Part of the problem in finding a cure for Alzheimer's disease is there's still so much about the disease that we don't fully understand – including exactly how and why it gets started in the brain. Now a new study suggests chronic stress might play an important role in the process.

The research focuses on the hypothalamic-pituitary-adrenal axis (HPA axis), a pathway that links two parts of the brain with glands located just above the kidneys. The HPA axis controls a variety of biological processes and helps manage our reaction to stress.

In a review of previous studies, researchers explore how chronic stress is increasingly being linked to Alzheimer's, suggesting that managing stress levels earlier in life could be one way of reducing the risk of developing neurodegenerative diseases later on.

"What we know is that chronic stress does affect many biological pathways within our body," says molecular geneticist David Groth from Curtin University in Australia.

"There is an intimate interplay between exposure to chronic stress and pathways influencing the body's reaction to such stress."

Part of the job of the HPA axis is to regulate the release of the steroid hormone cortisol: the greater the stress, the more cortisol is released. The hormone, part of a class known as glucocorticoid hormones, increases blood sugar and suppresses the immune system.

Disruption of the HPA axis, and subsequent increases in cortisol levels, are often seen in Alzheimer's cases. However, exactly why this is – and what genetic or environmental factors might contribute to it – isn't something scientists have fully figured out.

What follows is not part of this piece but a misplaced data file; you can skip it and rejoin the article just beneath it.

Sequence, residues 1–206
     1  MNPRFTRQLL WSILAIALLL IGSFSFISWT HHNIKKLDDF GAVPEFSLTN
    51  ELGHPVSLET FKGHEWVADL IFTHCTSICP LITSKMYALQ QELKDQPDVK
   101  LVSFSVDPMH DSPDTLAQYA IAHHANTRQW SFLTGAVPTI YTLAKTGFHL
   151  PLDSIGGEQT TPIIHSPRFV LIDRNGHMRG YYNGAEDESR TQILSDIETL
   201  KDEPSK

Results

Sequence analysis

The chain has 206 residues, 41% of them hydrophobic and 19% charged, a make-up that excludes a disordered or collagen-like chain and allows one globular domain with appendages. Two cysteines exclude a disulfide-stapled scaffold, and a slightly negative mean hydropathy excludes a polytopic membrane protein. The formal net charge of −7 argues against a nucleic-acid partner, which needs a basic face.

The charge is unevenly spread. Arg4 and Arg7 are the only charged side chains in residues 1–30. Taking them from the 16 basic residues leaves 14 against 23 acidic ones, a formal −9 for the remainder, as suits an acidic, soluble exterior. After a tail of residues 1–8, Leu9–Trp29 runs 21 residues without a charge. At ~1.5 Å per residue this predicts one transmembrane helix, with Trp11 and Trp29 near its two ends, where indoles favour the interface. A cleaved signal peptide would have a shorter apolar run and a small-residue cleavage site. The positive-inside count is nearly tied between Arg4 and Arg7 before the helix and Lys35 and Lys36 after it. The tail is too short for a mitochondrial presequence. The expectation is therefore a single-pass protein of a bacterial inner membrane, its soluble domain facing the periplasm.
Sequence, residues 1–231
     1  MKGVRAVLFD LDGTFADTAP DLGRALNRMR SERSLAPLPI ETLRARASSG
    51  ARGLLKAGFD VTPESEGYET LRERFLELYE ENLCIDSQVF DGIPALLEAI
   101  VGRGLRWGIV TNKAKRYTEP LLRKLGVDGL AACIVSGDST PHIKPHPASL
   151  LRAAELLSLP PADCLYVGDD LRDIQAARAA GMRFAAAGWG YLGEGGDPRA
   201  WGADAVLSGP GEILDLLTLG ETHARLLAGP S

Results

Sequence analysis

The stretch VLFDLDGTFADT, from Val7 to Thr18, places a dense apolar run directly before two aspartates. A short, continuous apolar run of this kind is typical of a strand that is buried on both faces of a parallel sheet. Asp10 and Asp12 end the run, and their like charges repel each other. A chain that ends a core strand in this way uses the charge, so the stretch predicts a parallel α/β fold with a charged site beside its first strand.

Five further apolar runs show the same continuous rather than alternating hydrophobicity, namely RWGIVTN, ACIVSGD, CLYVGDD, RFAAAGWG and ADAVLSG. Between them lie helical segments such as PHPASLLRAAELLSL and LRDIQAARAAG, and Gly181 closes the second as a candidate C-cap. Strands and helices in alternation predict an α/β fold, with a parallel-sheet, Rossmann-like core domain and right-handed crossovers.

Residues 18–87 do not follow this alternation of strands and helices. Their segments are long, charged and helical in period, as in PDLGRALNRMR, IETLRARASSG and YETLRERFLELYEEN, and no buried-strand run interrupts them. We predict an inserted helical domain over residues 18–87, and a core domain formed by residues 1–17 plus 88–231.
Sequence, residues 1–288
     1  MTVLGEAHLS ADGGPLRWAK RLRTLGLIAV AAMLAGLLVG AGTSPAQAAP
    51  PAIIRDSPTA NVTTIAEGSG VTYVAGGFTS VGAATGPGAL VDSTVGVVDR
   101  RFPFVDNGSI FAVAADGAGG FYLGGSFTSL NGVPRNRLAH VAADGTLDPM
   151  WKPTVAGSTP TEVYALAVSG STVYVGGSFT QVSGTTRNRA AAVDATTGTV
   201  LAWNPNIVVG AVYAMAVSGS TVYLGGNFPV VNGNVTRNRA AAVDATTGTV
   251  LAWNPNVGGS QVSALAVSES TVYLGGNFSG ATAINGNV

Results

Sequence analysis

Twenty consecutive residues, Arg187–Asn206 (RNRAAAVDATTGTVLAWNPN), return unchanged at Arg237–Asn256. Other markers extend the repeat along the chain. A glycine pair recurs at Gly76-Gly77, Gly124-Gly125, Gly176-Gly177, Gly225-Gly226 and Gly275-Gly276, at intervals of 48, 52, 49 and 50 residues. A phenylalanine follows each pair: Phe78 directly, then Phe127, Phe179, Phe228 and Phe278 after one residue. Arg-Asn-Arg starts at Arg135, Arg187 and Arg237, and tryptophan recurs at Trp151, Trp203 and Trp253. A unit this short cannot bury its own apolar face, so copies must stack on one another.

In the study, the researchers suggest that genetic factors impacting the HPA axis might also affect inflammation in the brain, which is known to contribute to neuron damage seen in diseases such as Alzheimer's.

"Genetic variations within these pathways can influence the way the brain's immune system behaves leading to a dysfunctional response," says Groth.

"In the brain, this leads to a chronic disruption of normal brain processes, increasing the risk of subsequent neurodegeneration and ultimately dementia."

Specifically, the team hypothesizes that chronic stress could trigger a glucocorticoid response that primes the microglia – the brain's immune cells – to become more inflammatory, increasing the risk of neurodegeneration.

Genetic variations in how the HPA axis reacts to stress could be key in how severe this microglia inflammatory reaction actually is, the researchers suggest. More work is going to be needed to identify what those variations are, but it's a starting point.

What we do know about Alzheimer's is that some of the signs of it can start appearing many years in advance, and that could give scientists a valuable opportunity to stop or to limit the disease's development – something this new study should help with.

"Identifying the molecular mechanisms underlying the association between chronic stress and Alzheimer's disease, as well as identifying genetic factors that could contribute to the susceptibility of this association, may allow for new therapeutic targets to be identified as well as strategies targeting chronic stress management to be implemented," the researchers write in their paper.

The research has been published in Biological Reviews.